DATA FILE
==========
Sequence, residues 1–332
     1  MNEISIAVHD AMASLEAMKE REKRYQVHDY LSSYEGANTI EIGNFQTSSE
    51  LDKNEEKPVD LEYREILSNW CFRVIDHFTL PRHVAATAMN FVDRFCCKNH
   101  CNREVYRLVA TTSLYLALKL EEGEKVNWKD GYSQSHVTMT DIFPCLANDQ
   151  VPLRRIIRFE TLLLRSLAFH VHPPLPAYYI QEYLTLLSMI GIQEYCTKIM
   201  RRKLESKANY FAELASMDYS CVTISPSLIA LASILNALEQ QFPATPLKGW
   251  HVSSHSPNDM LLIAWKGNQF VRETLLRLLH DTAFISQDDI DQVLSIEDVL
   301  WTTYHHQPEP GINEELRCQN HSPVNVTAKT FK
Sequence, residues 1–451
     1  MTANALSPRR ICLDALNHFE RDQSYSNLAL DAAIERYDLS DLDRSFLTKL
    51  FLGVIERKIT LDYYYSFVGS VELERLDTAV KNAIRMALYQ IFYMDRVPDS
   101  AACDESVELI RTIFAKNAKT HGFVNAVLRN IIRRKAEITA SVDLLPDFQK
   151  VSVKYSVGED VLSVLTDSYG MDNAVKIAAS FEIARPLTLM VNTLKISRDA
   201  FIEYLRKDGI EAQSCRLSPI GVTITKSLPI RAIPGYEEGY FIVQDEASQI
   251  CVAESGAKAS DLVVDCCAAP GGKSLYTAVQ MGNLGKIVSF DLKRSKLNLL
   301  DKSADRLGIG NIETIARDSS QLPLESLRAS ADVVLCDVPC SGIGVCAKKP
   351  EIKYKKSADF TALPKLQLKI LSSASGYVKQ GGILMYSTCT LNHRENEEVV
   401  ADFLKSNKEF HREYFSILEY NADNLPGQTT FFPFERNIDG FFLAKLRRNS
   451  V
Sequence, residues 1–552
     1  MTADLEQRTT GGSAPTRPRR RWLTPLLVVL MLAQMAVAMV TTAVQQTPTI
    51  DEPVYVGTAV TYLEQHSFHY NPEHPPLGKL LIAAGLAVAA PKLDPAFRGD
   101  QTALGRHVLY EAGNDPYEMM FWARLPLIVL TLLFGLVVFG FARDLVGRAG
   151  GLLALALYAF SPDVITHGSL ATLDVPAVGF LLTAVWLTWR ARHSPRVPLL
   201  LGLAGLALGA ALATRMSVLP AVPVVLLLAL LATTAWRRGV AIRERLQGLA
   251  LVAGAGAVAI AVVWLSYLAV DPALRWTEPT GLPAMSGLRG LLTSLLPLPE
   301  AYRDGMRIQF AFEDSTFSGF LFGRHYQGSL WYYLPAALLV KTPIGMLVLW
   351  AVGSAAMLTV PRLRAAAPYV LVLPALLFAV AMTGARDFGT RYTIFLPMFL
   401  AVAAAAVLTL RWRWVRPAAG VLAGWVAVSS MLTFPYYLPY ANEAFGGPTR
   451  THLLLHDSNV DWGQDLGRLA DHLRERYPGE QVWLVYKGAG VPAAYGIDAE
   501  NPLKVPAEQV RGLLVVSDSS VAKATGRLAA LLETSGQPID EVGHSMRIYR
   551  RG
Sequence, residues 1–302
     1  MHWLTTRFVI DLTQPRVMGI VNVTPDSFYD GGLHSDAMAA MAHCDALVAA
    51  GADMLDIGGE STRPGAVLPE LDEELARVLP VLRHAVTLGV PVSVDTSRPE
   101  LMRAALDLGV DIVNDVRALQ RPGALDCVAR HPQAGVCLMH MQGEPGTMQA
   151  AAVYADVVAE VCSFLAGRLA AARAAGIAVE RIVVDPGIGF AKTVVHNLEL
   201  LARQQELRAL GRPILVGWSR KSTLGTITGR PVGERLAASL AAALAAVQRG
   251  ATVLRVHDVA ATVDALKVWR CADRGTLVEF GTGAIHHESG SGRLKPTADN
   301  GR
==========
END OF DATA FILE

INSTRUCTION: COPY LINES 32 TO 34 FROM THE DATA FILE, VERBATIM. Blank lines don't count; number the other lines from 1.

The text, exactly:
   551  RG
Sequence, residues 1–302
     1  MHWLTTRFVI DLTQPRVMGI VNVTPDSFYD GGLHSDAMAA MAHCDALVAA